miércoles, 30 de noviembre de 2011

Syria's isolation grows

Riyadh, Nov 30 (EFE) .- The regime of Syrian President Bashar al-Assad, today witnessed how their isolation increases between Islamic countries demanded firm steps to end the crisis passes, despite the release gesture of Damascus almost a thousand arrested during the protests.

The Organization of Islamic Cooperation (OIC) decided today in an urgent meeting in the Saudi city of Jeddah to join the international pressure on Syria, a member of this group of 57 countries which watched over the interests of Muslims in the world .

After the meeting on Syria, Secretary General of the organization, Ekmeledin Ehsanoglu called on Damascus to cooperate with the initiatives from the Islamic world want to promote a solution to the crisis, especially with the Arab League.

"It's your last chance to resolve the conflict," said the Syrian authorities Ehsanoglu, implied the possibility that the issue be raised to international bodies such as the Security Council of the United Nations.

OIC's call comes after the recent imposition of a heavy package of economic sanctions against Syria, the Arab League, which still does not stop violence in its territory after numerous warnings.

"The OIC sent delegations (Syria) to express their concern and fear for the safety of civilians," he recalled Ehsanoglu, which highlighted the agency's efforts to avoid the internationalization of the crisis or foreign military intervention in the country.

After the meeting, which was attended by the Syrian top diplomat, Walid al Mualem, Muslim countries asked the Assad regime to sign a protocol to allow an Arab observer mission on the ground to verify compliance with the commitments by Syria.

One step closer today took Turkey to impose sanctions on Syria for "having missed his last chance to reject observers," said Turkish Foreign Minister Ahmet Davutoglu.

Ankara sanctions include the suspension of relations with the Central Bank of Syria, the freezing of financial assets of the Syrian government and the ban on arms sales to the country.

Faced with the pressures, Damascus today released 912 people arrested during the riot and did not commit any murder, according to the Syrian official news agency, Sana.

These prisoners joined the more than 1,700 that were released during the month of November, following a plan drawn up by the Arab League to promote a solution to the crisis.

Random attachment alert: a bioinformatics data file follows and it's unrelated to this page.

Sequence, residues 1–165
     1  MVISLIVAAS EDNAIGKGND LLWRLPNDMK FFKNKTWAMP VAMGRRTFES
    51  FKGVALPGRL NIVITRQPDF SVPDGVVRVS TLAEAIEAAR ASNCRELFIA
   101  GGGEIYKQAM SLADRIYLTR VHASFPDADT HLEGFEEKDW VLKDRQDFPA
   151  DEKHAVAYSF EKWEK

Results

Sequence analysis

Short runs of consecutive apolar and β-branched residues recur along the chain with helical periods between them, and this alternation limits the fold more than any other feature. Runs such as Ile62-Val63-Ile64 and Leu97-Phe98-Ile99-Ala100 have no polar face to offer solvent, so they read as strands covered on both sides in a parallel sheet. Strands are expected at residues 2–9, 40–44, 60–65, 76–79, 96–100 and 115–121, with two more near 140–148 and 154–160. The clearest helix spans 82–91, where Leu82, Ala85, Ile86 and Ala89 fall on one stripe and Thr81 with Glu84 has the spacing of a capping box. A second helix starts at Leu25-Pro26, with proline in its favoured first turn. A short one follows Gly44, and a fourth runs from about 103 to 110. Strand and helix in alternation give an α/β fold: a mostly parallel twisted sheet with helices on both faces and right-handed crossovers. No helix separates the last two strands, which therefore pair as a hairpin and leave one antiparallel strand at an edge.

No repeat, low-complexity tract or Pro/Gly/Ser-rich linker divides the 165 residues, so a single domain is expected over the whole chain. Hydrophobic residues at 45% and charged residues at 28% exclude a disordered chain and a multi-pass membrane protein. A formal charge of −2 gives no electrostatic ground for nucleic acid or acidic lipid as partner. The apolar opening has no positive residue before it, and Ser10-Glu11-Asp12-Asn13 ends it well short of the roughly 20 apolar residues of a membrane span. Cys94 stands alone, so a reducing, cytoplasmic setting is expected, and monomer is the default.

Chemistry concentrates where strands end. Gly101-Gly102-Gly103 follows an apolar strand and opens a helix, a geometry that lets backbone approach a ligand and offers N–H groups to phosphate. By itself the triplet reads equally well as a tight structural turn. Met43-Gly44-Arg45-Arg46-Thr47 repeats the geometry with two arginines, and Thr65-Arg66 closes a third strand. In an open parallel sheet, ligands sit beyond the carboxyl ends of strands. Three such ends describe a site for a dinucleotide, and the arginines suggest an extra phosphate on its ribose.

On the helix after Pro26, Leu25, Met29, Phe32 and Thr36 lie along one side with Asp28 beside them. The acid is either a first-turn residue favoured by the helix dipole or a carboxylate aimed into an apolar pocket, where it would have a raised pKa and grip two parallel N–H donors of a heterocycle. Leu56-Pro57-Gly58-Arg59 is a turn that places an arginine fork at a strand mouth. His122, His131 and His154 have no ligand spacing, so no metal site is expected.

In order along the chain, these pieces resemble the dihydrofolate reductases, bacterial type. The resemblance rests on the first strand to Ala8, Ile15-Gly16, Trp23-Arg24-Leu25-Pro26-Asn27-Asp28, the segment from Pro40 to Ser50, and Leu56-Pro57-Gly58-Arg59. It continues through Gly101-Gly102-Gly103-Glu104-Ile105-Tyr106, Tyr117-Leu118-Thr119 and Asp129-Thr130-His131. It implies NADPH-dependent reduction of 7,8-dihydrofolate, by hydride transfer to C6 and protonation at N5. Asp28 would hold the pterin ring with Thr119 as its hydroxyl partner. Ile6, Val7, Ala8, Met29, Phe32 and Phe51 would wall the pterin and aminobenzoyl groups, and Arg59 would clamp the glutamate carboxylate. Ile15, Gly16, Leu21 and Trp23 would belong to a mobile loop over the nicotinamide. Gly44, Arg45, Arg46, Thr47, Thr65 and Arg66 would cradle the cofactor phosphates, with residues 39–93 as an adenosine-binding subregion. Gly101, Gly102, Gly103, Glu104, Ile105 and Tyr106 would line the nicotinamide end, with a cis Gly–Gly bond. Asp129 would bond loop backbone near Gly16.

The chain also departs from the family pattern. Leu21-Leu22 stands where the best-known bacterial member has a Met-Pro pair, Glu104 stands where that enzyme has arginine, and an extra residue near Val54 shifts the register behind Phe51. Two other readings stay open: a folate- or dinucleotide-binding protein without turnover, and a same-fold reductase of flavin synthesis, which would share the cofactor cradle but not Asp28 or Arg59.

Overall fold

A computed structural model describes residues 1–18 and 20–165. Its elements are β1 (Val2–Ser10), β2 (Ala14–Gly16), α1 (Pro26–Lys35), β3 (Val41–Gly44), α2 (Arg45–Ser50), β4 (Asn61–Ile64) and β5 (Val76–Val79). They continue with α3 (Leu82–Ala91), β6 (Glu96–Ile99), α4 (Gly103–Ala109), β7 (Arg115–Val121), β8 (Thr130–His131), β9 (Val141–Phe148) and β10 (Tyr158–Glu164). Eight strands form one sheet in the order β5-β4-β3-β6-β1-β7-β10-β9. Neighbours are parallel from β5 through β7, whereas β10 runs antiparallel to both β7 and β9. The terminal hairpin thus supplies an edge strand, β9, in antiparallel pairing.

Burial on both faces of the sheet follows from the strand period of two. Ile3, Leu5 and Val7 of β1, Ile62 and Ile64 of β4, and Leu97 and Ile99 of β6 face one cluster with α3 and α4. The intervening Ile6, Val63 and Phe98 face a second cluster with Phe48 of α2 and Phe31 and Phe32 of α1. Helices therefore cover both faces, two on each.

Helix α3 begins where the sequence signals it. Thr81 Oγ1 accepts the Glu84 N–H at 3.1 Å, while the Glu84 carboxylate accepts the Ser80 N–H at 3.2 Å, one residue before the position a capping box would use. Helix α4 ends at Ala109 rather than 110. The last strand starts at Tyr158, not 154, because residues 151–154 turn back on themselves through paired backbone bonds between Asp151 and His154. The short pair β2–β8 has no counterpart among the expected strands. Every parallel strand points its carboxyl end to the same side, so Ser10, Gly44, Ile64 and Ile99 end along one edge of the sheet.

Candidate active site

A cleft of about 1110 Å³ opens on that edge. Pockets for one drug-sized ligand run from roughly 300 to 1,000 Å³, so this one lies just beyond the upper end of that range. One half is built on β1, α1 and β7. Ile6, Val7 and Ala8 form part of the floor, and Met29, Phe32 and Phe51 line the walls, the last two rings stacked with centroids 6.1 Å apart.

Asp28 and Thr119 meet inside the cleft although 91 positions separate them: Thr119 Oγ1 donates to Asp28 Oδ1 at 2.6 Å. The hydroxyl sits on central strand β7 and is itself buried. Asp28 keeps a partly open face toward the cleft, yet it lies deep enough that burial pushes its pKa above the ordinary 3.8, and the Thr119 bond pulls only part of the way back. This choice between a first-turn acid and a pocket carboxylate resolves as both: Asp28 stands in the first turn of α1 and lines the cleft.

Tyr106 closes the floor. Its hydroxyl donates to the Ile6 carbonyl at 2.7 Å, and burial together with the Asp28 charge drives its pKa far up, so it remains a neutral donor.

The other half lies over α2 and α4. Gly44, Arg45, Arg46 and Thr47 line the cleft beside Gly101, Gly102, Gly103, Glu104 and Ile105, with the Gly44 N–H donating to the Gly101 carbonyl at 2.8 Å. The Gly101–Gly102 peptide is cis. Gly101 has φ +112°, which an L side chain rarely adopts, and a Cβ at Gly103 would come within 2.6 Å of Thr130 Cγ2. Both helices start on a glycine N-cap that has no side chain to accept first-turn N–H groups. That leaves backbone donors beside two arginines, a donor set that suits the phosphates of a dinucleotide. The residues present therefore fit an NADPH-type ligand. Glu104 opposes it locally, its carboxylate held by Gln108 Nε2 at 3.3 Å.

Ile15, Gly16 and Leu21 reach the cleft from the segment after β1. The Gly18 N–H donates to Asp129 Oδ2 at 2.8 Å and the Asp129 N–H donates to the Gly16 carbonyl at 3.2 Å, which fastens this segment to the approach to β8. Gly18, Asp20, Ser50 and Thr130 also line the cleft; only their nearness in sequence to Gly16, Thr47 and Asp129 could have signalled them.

This initiative, which the Syrian authorities agreed on 2 November, including the release of all those arrested during the protests, which the opposition amounted to about 12,000, the cessation of all violent repression and the withdrawal of the armed forces of the cities of country.

Syria failed to execute the plan, which earned him the suspension of the Arab League and a long series of threats that led to the imposition of sanctions.

These measures provide for the prohibition of flying to other countries in the region to 17 Syrian authorities to a committee of the pan-Arab organization determined today.

The sanctions are mostly senior military, security forces and secret services, although the name of President Bashar al-Asad does not appear in the list.

This detail and the willingness of the Secretary General of the Arab League, Nabil al Arabi, not to apply sanctions if Damascus agrees to the observer mission could serve as a safety valve to the Syrian regime, which meanwhile continues to repress the protests.

A dozen people died today, including two women and two children in northern and central Syria at the hands of forces loyal to Al Asad, opponents denounced the Local Coordination Committees.

The deteriorating security in the country has also made countries like Saudi Arabia and Spain have asked its citizens to leave the country immediately, which has killed more than 3,500 people since the revolt began in March, according to figures from United Nations.

By Suleiman Al Asad

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